Leader Of The Band


“It was a really honest revelation about my relationship with my father.”

Dan Fogelberg (103)


As The Raven Flies


“That I wrote just after moving to California and I was really pissed off at my girlfriend. The person I perceived to be my girlfriend. This girl in college I was mad for. My first love. She didn’t even give me the time of day. It was an absolutely fabricated childhood crush, basically, an unrequited love.”

Dan Fogelberg (104)


Same Auld Lang Syne


“I had the music and wanted to write a song around it. The year before, I met my girlfriend at the grocery store when she dropped her purse. So I said, “Okay, let’s see if I can write a song about something as trivial as that.” And then I came up with the idea of toasting our ignorance and time and all this.”

Dan Fogelberg (104)


Dancing Shoes


“That might have been a Nashville song. Because I was dating a girl in Nashville who was a dancer.”

Dan Fogelberg (105)


Magic Every Moment


“We were up in Maine at the house. My wife and I were asleep at dawn and we heard this huge crash, like a shotgun, and we said, “What the heck is that?” And we went down and found this dove laying there. We are both serious animal lovers and we were just heartbroken by this. Especially out of a sound sleep. There was glass everywhere. It had shattered a huge picture window. The bird couldn’t possibly have survived: its neck was broken.”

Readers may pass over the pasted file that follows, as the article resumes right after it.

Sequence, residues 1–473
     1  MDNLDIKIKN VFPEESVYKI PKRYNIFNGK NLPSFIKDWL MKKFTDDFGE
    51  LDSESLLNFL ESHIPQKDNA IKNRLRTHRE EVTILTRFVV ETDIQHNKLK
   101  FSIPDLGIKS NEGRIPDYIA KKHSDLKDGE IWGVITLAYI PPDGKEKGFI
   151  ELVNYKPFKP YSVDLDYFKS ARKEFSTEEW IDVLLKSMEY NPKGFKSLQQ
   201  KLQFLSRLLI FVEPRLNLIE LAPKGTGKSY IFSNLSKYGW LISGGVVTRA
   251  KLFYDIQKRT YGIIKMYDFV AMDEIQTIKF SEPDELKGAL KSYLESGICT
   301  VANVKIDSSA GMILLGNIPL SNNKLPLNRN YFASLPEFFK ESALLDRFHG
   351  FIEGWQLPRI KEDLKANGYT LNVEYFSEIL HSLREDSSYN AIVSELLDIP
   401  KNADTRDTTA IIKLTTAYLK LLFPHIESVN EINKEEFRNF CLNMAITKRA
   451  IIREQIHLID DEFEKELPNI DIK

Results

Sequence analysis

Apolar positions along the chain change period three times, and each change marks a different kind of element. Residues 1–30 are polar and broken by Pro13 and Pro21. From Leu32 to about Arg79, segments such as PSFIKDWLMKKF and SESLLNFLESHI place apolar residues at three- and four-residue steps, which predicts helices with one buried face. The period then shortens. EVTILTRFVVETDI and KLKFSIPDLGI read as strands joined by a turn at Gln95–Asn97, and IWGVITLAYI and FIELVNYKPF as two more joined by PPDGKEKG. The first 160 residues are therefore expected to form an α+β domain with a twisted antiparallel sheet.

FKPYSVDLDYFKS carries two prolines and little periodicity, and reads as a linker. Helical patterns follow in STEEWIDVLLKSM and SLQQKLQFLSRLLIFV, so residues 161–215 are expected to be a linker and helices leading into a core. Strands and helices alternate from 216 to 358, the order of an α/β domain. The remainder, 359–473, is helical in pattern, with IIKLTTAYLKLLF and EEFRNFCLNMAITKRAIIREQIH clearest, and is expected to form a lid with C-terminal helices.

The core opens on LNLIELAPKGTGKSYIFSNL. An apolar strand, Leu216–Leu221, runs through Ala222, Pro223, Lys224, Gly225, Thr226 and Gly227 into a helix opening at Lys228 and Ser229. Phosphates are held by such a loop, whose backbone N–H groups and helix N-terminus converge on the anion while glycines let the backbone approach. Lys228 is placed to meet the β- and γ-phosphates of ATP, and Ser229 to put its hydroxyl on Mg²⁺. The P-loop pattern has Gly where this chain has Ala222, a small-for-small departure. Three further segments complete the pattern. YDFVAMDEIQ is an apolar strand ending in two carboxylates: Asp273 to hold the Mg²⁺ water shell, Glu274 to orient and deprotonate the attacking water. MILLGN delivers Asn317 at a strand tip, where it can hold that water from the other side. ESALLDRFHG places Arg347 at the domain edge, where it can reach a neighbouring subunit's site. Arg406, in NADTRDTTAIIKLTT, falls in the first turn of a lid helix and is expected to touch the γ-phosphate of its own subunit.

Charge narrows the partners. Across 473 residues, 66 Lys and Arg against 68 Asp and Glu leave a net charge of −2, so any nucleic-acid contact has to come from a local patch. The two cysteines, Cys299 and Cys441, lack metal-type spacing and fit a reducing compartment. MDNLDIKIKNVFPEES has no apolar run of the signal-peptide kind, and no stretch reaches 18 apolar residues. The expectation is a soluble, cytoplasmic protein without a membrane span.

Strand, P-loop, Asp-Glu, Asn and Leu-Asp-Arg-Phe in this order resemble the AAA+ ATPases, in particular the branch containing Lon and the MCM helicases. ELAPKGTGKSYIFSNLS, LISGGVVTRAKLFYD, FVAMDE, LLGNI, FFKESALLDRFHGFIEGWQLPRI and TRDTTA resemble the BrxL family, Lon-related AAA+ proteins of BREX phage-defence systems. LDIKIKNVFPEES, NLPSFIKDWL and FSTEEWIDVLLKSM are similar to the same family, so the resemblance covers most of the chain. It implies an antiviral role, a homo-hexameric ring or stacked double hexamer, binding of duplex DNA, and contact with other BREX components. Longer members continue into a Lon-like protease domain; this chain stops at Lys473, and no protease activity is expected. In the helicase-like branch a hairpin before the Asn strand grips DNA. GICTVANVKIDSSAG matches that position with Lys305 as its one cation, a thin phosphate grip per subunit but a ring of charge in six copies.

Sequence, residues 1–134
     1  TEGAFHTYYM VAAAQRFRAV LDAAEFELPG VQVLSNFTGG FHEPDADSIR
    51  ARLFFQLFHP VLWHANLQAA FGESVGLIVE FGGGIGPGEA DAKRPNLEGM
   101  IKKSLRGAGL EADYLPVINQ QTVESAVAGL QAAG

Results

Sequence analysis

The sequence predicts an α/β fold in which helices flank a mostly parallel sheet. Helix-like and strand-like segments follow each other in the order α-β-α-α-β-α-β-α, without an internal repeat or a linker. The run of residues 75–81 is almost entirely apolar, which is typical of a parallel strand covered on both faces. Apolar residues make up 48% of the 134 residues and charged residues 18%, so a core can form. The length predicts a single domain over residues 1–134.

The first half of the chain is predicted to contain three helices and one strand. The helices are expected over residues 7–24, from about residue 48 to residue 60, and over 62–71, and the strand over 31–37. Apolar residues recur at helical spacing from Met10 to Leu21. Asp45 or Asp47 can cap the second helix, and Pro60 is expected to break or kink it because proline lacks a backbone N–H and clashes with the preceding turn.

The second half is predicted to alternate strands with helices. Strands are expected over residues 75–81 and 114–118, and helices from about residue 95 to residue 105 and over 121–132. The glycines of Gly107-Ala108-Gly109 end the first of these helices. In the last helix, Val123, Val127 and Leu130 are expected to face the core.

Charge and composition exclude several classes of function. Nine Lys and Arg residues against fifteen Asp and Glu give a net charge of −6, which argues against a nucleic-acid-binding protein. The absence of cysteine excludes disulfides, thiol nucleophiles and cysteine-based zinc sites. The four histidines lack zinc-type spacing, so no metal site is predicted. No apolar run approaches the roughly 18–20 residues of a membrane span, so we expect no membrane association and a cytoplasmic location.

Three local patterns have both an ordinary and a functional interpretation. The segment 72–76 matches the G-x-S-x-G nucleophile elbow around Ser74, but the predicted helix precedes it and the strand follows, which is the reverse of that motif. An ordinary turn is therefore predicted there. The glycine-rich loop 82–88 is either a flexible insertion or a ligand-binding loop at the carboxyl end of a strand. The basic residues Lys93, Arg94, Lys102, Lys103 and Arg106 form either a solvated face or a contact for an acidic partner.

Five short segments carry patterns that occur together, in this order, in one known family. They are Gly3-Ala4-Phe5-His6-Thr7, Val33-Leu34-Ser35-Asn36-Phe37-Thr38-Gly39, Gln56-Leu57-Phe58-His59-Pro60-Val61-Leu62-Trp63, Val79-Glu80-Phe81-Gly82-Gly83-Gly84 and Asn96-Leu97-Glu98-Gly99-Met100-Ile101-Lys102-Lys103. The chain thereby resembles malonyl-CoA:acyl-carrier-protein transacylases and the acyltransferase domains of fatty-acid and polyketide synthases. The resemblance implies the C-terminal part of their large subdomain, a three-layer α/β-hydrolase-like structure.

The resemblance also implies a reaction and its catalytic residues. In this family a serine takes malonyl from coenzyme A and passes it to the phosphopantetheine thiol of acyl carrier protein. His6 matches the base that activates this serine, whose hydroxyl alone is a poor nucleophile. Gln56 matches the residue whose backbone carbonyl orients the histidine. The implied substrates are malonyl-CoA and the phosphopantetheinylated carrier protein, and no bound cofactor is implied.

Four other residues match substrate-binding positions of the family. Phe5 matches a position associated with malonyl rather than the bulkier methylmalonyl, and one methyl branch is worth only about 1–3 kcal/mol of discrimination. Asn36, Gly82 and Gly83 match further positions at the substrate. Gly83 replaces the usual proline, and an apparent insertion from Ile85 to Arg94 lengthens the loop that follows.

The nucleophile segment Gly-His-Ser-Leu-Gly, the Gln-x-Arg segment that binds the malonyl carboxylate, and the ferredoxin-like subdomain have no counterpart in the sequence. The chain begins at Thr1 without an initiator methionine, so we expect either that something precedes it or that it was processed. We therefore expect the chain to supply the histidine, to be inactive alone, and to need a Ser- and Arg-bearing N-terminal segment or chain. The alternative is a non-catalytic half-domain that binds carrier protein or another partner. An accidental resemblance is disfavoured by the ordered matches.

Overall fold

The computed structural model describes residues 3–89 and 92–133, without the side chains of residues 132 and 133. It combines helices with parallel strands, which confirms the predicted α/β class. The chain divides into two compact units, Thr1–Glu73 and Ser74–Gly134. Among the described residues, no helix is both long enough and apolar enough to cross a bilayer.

Dan Fogelberg (106)


Be On Your Way


“The great tragedy of youth. That one was about that same girl [as in “As The Raven Flies” – Ed]. She didn’t give a fig for me. I remember I finally realized this was not going to happen. I had done a concert at the Red Herring and she showed up and just devastated me. I went home and wrote the song. It was me saying, “Okay, this is not going to work.” It was the first time I had to confront that in my life.”

Dan Fogelberg (106)


Old Tennessee


“I wrote “Old Tennessee” as really a “cop,” as a joke. James Taylor was real popular at this point, and I was hearing this kind of … in James’ writing there was a lot of similarity. There was this east coast folky type of thing. And I said, “Well, hell, anybody can write something like that.” So I wrote that and it’s really just a send up of early James Taylor work. And I just wrote about whatever was happening at the time, you know, about this girl I was with at the farmhouse who left, and all this sort of thing. So it wasn’t anything I did seriously, I just thought it was a send up of a particular style. Now I’ll probably get a letter from James.”Dan Fogelberg (1037)